EU Balks on Energy Efficiency Amid Trans-Atlantic Priority on Growth (3/01)     Print Email

The zeal for ever-tougher controls on carbon emissions seems to be seeping away in Europe, too – a trend measuring a dramatic U.S. shift away from cap-and-trade and carbon ceilings under the Obama administration.

In the EU, energy ministers resisted calls from the European Parliament on February 28 for tougher energy-efficiency measures – even though crude oil prices have risen close to the $100-a-barrel mark. Instead, the ministers seemed more intent on finding new sources for more energy security, notably shale gas. (Despite a new wave of environmental opposition, it has been a bonanza in the United States, but shale gas may not be a panacea in Europe.)

On energy efficiency, "the setting of any additional targets is not justified at present," was the conclusion published after the EU energy ministers' meeting. "The implementation of the EU energy efficiency target will be reviewed by 2013 and further measures considered if necessary,” it said.

For the moment, EU countries are lagging behind schedule in trying to meet their ambitious climate goal for 2050.  To get back on track, according to a leaked report by the European Commission, an extra five percent is needed in emissions savings over the next decade.

The energy ministers’ rejection of this more ambitious goal was attacked by Green party members at a meeting the same day of the European Parliament, but EU national governments have been reluctant to accept binding EU energy-efficiency targets until there is agreement on a common methodology to measure gains in efficiency.

 
  • 5G and the World Radio Conference 

    By Patricia Paoletta, Washington DC

    You may have heard that the United States is in “a Race to 5G.” 5G—or the Fifth Generation of wireless broadband—will be 100x faster than 4G, connect up to 100x more devices, and be 5x more responsive through lower latency. 5G is expected to connect people, things, transport systems, and cities in smart-networked, always-on environments. 5G will transport a huge amount of content much faster, reliably connect millions of devices, and process very high volumes of data with minimal delay.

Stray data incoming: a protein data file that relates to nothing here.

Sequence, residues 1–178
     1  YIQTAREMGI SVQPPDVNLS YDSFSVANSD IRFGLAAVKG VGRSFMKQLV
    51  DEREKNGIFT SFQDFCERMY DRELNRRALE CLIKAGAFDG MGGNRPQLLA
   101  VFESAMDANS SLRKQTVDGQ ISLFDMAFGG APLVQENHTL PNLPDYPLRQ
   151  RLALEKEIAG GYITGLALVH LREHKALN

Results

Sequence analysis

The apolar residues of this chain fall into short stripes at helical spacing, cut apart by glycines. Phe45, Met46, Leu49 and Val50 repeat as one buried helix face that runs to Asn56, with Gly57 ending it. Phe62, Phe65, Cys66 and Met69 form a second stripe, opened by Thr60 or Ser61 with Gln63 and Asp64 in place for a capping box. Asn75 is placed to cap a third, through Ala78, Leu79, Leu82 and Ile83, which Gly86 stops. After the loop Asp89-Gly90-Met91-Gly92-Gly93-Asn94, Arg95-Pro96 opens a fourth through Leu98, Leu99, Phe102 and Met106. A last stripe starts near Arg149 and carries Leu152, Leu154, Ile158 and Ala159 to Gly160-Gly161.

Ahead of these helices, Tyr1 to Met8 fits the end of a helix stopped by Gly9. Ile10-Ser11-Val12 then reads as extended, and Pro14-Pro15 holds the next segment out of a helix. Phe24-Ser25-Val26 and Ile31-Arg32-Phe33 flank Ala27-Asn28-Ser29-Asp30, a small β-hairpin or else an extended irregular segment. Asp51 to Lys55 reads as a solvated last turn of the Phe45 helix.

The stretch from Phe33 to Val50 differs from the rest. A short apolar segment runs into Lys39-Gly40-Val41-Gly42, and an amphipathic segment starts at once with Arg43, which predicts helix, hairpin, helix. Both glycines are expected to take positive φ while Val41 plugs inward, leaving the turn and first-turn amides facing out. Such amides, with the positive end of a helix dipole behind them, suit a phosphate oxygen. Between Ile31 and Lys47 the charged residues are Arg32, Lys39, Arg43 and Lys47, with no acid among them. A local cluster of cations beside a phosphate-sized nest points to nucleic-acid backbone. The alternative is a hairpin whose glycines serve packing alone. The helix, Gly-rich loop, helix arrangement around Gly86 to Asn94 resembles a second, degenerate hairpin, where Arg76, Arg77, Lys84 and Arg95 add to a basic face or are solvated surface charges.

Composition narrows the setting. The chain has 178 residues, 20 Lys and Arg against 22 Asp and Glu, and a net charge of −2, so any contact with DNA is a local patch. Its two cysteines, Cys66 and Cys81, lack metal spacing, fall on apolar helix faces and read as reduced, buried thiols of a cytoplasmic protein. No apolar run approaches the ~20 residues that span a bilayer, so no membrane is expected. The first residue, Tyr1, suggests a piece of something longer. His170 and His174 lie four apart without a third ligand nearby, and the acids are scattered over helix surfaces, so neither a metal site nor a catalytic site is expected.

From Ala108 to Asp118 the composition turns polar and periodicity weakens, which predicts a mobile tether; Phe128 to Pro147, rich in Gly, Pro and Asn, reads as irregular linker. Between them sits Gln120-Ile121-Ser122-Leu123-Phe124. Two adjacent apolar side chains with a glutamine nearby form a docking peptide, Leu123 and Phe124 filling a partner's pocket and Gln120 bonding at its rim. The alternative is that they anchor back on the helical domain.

Read more ...

UMD Jean Monnet Research Project

The University of Maryland has received a Jean Monnet grant from the EU to conduct a series of policy exchanges between Europe and the US on filling infrastructure needs and the utility of public/private partnerships as the financing mechanism. If interested in participating in or receiving more information about these exchanges, please contact Rye McKenzie (rmckenzi@umd.edu).

New from the Bertelsmann Foundation

The Bertelsmann Foundation is an independent, nonpartisan and nonprofit think tank in Washington, DC with a transatlantic perspective on global challenges.

"The Troubles with Brexit", by Anthony T. Silberfeld

"Shared Values No More?", by Emily Hruban

"Trick or Treat", by Anthony T. Silberfeld

 

 

Summer Course

Get updates from EI@UMD